Autumn 2004 Main series
Sunday, December 5, 2004 at 4:00pm
Sunday, December 5, 2004 at 7:00pm
Monday, December 6, 2004 at 7:00pm
Rated NR ·
The official Norwegian entry for the 2004 Best Foreign Language Film Academy Award, Bent Hamer’s Kitchen Stories is a delightfully quirky comedy that premiered at the 2003 Toronto International Film Festival. The premise is a delicious one – a Swedish Research Institute study has concluded that, through the course of their daily kitchen activities, the average housewife walks the distance from Sweden to the Congo each year due to basic inefficiency. To balance the report, the Institute decides to launch a parallel study to assess the kitchen efficiency levels of single Swedish men.
Dispatched to the rural town of Landstad, unassuming Institute observer Folke (Tomas Norstrom) joins a scientific team to study a group of volunteer bachelors in an effort to “calibrate domestic inefficiency.” He is assigned to watch cantankerous farmer Isak (Joachim Calmeyer) who has had second thoughts about participating in the project. To preserve the scientific integrity of the study, Folke is forbidden from speaking or engaging with his subject. By night, he sleeps outside Isak’s farmhouse in a bizarre, green, egg-shaped caravan. By day, from a high observational chair in the corner of Isak’s kitchen, Folke watches and charts the daily boiling of one egg and Isak’s steadfast devotion to turning off the light.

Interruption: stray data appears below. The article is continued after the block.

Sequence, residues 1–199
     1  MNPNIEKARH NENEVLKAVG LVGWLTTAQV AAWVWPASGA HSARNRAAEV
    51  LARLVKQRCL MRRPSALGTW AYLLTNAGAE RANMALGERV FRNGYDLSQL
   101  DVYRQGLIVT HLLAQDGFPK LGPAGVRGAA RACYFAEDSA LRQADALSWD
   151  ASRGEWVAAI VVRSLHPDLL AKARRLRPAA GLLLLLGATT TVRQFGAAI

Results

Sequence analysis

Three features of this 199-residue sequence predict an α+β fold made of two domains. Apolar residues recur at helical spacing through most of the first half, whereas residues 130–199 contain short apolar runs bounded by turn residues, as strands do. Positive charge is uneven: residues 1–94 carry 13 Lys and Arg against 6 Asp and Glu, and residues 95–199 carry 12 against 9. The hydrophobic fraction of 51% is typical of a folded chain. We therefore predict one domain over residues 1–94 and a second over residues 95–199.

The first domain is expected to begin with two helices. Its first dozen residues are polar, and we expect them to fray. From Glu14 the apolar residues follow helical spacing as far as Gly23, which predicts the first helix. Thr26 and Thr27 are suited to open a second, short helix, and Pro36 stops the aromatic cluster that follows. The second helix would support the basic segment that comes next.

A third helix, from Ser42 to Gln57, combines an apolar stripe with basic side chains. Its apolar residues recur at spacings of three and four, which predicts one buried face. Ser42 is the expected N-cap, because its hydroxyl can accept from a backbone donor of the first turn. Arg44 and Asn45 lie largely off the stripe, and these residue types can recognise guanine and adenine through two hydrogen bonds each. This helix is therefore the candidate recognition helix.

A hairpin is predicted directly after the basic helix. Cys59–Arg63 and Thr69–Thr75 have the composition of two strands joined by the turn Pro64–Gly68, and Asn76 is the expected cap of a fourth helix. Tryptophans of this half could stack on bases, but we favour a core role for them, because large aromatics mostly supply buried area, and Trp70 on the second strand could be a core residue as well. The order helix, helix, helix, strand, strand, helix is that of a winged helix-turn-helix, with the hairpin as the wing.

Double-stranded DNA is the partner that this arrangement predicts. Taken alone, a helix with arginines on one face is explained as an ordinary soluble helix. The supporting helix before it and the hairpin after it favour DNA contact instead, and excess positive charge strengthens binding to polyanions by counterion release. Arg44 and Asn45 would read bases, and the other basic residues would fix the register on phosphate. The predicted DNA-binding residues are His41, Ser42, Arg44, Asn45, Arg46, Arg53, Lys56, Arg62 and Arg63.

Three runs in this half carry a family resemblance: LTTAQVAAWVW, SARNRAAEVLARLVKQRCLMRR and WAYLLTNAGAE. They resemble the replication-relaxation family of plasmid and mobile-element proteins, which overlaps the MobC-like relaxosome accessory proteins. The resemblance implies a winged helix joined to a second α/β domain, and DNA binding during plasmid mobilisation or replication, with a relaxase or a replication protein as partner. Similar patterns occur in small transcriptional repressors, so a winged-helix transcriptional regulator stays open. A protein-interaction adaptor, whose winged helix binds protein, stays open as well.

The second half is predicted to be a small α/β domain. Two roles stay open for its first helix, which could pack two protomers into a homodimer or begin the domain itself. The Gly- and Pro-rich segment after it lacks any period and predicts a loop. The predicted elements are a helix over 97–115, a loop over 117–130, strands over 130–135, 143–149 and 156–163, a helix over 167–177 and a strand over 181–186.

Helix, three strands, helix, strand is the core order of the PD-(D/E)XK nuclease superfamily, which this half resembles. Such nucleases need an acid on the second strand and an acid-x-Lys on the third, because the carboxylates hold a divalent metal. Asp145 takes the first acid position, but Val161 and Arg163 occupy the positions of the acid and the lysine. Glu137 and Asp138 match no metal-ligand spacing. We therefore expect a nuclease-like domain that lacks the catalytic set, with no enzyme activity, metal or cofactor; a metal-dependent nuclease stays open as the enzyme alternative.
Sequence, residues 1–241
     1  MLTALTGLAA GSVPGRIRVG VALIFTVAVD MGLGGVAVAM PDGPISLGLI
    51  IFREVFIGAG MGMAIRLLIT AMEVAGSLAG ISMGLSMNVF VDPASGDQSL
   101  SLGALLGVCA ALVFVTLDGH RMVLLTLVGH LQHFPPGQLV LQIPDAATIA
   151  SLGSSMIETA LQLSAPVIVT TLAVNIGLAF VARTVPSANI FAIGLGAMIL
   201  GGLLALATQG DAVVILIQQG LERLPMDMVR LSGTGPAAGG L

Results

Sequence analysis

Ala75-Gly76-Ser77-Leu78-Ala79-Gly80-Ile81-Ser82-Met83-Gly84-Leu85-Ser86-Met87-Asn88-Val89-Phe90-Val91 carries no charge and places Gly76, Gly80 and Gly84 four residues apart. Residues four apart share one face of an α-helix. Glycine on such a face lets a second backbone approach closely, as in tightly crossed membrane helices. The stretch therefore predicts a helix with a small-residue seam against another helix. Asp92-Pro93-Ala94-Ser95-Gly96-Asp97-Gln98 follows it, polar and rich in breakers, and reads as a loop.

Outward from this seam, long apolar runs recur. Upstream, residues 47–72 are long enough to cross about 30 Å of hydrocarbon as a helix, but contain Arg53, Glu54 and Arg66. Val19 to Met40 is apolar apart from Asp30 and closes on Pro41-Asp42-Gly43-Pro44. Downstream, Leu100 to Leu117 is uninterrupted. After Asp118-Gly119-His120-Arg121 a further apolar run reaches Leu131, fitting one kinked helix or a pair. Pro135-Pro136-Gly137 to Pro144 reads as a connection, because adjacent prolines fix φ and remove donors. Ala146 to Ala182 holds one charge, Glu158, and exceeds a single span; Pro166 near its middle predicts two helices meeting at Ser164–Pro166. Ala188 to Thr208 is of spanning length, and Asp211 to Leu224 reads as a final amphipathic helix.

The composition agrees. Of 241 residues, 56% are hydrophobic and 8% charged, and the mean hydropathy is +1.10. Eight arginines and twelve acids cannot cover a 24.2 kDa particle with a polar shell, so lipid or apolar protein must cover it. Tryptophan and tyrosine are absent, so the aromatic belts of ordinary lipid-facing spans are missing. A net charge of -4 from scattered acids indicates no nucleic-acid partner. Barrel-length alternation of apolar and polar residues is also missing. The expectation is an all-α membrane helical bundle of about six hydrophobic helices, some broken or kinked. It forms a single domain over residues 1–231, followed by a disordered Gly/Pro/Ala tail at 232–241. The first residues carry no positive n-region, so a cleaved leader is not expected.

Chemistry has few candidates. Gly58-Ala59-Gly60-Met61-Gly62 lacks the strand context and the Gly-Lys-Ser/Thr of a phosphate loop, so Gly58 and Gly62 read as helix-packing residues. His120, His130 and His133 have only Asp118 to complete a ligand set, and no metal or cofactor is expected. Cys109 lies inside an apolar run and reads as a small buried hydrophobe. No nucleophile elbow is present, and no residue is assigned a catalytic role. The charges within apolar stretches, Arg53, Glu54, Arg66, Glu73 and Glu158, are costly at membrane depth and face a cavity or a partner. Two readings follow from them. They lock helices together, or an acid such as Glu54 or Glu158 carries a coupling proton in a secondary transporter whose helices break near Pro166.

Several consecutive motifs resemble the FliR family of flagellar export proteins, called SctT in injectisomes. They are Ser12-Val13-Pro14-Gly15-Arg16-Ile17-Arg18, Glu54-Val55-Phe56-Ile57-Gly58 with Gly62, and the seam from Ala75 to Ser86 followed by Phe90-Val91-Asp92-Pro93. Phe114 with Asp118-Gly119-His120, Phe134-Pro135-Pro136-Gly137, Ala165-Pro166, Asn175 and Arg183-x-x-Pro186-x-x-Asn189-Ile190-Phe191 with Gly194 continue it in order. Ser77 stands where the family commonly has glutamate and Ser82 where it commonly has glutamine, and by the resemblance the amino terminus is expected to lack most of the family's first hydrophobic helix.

When Folke cannot resist the temptation to season his sandwich with Isak’s precisely placed saltshaker, he breaks the rules and hastily grabs the object, returning it to the wrong spot. Imbued with a dry and gentle humour perfected by the Nordic sensibility, the saltshaker assumes a significance of Hitchcockian proportions, becoming the unlikely catalyst in the men’s relationship. Ultimately, Folke is faced with an absurd dilemma: pursue a burgeoning friendship with his subject, or salvage the integrity of the sociological experiment. Witty and heartwarming, Kitchen Stories confirms all our best notions about the undeniable draw of human friendships. And like all great comics, Bent Hamer’s has a sense of humour that is as forlorn and touching as it is hilarious.